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I want to write some articles about aeronautical knowledge on my blog.

However, I heard that FAA's all publications including handbooks (e.g IFH, AFH, PHAK, etc.) are copyright-free.

But I can't find any reference for it.

Are there any legal issues if I use these ones for commercial use?

Plus, all photos and pictures included in handbooks are also okay for this purpose?

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2 Answers 2

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The publications you listed are in the public domain in the U.S. because, as works of the Federal Government, they are not eligible for copyright protection. You may use them commercially, subject to the same restrictions (such as civil liability) as use of any other kind of material.

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    $\begingroup$ Makes sense, since we’ve paid for them… $\endgroup$ Mar 3, 2023 at 15:29
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    $\begingroup$ Pretty sure the same is true for most gov't agencies, e.g. NASA, NOAA, CDC, etc. Maybe not the ones that deal in classified national defense stuff, but most of the others. $\endgroup$ Mar 3, 2023 at 19:53
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    $\begingroup$ @DarrelHoffman It's true for almost all works produced by the Federal Government. Note that lack of copyright does not equate to must be published or disclosed. Classified material is a different thing. It's just that works of the Government are by law not eligible for copyright, with a few niche exceptions. $\endgroup$
    – TypeIA
    Mar 3, 2023 at 20:07
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    $\begingroup$ Perhaps worth mentioning is that those works are only in the public domain in the US. As per the linked article: "This act only applies to U.S. domestic copyright as that is the extent of U.S. federal law. The U.S. government asserts that it can still hold the copyright to those works in other countries." - if OP is not from US, this status is not as clear. $\endgroup$
    – jaskij
    Mar 3, 2023 at 21:20
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    $\begingroup$ @jaskij I can't find any evidence (and have never heard) that the FAA asserts any foreign copyright claims on its publications. The government only reserves the right to do this. If there's evidence to the contrary, I'm all ears! $\endgroup$
    – TypeIA
    Mar 3, 2023 at 21:44
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The FAA has a FAQ that mentions this:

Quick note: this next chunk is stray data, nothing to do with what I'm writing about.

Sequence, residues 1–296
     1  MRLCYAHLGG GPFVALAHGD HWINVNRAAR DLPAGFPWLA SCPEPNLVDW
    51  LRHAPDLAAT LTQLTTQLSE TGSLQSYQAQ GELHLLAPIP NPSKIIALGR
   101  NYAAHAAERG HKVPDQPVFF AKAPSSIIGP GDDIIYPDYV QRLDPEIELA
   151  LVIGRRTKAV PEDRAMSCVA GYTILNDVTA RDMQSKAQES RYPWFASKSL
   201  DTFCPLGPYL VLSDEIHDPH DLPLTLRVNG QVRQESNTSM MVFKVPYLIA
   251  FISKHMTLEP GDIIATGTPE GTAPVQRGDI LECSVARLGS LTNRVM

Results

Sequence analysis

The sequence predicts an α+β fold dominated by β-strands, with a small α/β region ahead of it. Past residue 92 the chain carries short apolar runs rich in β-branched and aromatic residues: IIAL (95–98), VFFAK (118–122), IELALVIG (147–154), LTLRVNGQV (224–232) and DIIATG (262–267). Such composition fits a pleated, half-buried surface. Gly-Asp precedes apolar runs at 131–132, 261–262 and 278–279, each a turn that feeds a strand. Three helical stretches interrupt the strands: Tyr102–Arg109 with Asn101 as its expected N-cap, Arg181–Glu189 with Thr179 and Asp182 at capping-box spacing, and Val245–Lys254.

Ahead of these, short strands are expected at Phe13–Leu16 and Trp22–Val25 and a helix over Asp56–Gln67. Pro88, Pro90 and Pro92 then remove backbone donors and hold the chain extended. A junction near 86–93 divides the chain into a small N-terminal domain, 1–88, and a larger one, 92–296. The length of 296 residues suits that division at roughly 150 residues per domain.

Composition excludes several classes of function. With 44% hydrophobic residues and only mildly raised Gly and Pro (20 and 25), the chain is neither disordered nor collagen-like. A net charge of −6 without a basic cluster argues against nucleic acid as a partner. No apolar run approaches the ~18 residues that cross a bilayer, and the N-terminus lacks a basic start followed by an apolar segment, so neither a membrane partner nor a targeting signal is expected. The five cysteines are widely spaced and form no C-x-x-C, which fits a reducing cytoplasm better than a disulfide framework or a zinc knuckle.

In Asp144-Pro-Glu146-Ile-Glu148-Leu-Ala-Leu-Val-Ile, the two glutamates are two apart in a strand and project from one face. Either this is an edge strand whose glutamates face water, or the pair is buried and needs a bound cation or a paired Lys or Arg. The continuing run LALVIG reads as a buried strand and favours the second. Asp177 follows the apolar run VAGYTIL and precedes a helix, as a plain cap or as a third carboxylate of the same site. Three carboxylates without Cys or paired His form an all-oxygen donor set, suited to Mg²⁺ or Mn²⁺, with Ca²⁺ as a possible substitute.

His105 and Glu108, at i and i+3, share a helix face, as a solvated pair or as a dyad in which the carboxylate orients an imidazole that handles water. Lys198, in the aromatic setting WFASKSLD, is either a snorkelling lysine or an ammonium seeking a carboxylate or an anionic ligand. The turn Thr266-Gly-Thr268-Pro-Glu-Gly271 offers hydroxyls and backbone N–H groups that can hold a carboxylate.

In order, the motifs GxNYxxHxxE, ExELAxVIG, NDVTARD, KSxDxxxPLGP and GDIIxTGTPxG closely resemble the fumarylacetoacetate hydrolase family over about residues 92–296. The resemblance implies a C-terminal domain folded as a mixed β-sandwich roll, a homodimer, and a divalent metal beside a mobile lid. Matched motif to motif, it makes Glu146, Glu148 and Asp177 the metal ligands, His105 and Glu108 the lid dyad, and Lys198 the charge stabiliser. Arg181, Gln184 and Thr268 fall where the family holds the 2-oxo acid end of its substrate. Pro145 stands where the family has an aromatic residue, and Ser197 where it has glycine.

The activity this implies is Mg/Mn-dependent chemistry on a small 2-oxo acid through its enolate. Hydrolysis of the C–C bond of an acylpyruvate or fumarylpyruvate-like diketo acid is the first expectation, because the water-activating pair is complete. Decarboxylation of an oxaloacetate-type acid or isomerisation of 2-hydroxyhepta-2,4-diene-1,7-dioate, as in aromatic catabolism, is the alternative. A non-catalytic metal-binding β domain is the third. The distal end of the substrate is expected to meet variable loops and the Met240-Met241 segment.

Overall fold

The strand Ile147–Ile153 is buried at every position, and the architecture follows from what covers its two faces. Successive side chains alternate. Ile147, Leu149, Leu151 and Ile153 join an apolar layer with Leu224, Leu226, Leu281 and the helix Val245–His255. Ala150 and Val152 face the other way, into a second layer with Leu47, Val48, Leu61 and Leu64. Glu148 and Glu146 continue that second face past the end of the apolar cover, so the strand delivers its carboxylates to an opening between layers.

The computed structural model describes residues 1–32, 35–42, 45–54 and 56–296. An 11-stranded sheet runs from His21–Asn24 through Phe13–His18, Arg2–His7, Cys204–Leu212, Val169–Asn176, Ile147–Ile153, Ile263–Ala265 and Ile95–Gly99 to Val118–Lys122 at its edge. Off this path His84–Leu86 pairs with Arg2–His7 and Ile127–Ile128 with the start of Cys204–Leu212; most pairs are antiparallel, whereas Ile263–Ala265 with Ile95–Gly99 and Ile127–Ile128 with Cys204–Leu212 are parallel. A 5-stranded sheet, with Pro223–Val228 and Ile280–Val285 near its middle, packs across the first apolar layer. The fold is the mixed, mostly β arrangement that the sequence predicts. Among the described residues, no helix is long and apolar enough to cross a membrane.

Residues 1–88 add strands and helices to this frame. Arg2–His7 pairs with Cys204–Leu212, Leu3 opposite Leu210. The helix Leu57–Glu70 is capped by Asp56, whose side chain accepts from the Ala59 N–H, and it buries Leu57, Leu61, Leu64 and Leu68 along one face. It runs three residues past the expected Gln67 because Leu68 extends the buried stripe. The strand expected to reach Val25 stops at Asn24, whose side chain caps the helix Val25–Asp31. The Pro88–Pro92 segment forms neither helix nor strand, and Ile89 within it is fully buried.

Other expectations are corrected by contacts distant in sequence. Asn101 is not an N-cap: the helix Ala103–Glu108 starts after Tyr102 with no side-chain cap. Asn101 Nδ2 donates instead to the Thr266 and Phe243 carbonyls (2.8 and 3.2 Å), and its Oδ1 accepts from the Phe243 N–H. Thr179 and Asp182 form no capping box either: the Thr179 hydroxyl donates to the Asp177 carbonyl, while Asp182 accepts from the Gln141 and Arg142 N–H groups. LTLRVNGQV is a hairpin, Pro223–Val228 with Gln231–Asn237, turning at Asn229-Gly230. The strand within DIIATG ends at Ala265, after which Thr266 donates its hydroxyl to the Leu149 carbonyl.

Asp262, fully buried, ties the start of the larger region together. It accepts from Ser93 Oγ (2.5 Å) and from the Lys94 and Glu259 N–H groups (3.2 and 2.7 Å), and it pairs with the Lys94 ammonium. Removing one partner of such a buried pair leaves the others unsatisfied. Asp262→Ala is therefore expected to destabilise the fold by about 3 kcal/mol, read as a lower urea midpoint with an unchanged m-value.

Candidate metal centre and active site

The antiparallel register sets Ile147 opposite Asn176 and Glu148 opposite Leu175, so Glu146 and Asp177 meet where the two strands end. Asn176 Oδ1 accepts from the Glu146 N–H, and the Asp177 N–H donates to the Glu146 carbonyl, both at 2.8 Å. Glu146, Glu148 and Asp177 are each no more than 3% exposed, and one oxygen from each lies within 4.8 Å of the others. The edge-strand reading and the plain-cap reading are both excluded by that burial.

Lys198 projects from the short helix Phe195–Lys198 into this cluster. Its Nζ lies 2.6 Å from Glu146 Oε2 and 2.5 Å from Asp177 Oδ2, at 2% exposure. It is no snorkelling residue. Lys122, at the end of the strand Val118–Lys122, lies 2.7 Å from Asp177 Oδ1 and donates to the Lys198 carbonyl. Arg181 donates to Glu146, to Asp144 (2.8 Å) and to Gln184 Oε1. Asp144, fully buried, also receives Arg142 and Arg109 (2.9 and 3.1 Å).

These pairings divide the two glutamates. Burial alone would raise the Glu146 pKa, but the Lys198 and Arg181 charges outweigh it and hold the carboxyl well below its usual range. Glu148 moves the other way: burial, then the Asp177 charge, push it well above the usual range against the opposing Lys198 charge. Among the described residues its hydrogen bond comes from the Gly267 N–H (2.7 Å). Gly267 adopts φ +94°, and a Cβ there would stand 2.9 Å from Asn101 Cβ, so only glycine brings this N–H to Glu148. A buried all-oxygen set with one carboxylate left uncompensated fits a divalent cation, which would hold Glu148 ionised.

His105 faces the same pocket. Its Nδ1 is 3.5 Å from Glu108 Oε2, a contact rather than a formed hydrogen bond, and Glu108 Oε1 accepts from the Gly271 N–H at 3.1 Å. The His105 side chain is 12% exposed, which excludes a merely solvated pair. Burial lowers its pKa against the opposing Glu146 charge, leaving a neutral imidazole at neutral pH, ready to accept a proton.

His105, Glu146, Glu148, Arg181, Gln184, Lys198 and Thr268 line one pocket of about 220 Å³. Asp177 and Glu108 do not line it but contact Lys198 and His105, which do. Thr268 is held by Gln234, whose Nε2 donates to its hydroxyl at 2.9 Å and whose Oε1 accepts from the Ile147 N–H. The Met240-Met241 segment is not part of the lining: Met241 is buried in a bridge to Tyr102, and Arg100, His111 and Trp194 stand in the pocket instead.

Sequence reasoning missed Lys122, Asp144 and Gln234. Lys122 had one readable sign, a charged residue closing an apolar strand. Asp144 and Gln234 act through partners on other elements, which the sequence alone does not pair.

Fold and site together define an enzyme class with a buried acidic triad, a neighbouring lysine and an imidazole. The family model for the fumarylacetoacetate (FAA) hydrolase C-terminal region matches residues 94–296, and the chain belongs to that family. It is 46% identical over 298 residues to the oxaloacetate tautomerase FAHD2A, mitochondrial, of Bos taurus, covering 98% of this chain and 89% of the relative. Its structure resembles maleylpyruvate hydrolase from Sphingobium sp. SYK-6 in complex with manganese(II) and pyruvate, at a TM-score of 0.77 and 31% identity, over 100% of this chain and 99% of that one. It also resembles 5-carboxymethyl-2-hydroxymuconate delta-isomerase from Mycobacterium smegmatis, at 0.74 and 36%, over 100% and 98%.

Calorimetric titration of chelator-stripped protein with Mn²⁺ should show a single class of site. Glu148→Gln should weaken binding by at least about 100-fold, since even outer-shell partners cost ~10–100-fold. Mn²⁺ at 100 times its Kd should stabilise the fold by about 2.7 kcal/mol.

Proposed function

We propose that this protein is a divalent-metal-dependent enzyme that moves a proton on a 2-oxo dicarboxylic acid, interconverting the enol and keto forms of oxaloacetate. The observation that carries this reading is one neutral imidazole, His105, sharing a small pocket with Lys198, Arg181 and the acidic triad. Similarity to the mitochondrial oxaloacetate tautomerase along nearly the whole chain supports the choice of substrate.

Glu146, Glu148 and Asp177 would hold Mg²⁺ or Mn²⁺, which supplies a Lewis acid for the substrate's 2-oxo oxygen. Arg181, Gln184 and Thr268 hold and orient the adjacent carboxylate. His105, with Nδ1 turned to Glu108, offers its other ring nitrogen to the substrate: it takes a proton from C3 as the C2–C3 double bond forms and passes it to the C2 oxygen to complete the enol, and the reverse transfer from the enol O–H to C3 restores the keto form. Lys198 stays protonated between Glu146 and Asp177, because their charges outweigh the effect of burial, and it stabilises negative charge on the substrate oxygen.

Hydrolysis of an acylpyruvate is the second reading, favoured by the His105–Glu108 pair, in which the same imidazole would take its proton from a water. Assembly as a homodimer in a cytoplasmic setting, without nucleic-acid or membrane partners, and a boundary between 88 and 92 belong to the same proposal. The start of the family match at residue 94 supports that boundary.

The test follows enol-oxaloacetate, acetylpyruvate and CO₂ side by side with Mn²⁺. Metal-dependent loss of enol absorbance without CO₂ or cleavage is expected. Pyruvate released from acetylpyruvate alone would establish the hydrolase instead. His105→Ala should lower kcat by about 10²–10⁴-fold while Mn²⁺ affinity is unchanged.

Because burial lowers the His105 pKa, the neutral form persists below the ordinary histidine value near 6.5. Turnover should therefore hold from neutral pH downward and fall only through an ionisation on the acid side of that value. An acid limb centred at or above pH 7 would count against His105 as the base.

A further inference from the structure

All digital products published by the FAA are in the public domain and are not copyright protected. Therefore, a written release or credit is not required to incorporate them into your own digital products.

So copyright is no problem.

Another possible issue is liability. You may be opening yourself up to liability if you publish out-of-date or incorrect aeronautical information. For example, if you publish a chart on your blog, you should take care to clearly mark it "Not for navigation" unless you want to keep it up-to-date and accurate.

It should be obvious, but you also shouldn't claim that you made the materials or that the FAA in any way endorses your blog.

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  • $\begingroup$ I think you're right, but that particular FAQ is about digital flight data (charts, nav info etc.). I tried to find something specifically covering the Handbooks, but nothing immediately turned up. $\endgroup$
    – TypeIA
    Mar 3, 2023 at 8:19
  • $\begingroup$ @TypeIA From a practical standpoint, you may also be reassured by the printers who print out the PHAK/AFH/etc. and sell it for money without the FAA getting mad at them. $\endgroup$
    – Chris
    Mar 3, 2023 at 8:35
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    $\begingroup$ I don't need reassurance, for me the fact isn't in question but the cited FAQ isn't applicable to the question (for other readers). $\endgroup$
    – TypeIA
    Mar 3, 2023 at 9:21
  • $\begingroup$ @TypeIA As far as I can tell, this is the clearest statement that the FAA intends that their digital products are intended to be public domain. The FAQ is for their charts, but it does say all digital products produced by the FAA. $\endgroup$
    – Chris
    Mar 3, 2023 at 22:22
  • $\begingroup$ You shouldn't claim that you made it, but it's probably not illegal. In the same way that I can claim that I wrote Pride and Prejudice. $\endgroup$
    – fectin
    Mar 4, 2023 at 20:06

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